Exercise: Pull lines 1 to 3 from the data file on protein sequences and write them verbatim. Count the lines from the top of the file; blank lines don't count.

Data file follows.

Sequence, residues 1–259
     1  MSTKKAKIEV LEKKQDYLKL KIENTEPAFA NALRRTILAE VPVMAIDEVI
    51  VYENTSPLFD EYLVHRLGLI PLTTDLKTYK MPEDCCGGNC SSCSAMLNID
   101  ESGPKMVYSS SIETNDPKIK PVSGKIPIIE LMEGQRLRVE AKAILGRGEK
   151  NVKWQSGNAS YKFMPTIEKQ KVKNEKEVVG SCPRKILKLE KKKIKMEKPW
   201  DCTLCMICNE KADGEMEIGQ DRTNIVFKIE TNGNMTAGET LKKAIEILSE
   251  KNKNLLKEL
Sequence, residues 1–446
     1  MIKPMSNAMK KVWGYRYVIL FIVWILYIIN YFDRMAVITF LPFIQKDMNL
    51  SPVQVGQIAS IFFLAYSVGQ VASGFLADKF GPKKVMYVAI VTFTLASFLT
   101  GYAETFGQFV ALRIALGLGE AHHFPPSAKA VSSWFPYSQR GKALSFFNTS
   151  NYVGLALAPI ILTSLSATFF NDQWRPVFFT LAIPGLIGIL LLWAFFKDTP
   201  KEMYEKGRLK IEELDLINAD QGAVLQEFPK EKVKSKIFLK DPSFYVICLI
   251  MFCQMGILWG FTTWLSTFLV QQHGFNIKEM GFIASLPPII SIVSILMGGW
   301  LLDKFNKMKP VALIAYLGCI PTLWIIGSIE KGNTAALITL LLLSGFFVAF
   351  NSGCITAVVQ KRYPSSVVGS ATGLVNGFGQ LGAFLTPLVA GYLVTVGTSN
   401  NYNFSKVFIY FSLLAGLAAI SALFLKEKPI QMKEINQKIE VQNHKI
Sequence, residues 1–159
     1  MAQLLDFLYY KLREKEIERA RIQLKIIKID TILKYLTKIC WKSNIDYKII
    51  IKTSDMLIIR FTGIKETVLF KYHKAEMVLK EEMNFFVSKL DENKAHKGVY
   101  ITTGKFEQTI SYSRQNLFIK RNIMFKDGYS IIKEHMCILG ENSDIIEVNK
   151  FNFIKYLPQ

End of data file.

Sequence, residues 1–259
     1  MSTKKAKIEV LEKKQDYLKL KIENTEPAFA NALRRTILAE VPVMAIDEVI
    51  VYENTSPLFD EYLVHRLGLI PLTTDLKTYK MPEDCCGGNC SSCSAMLNID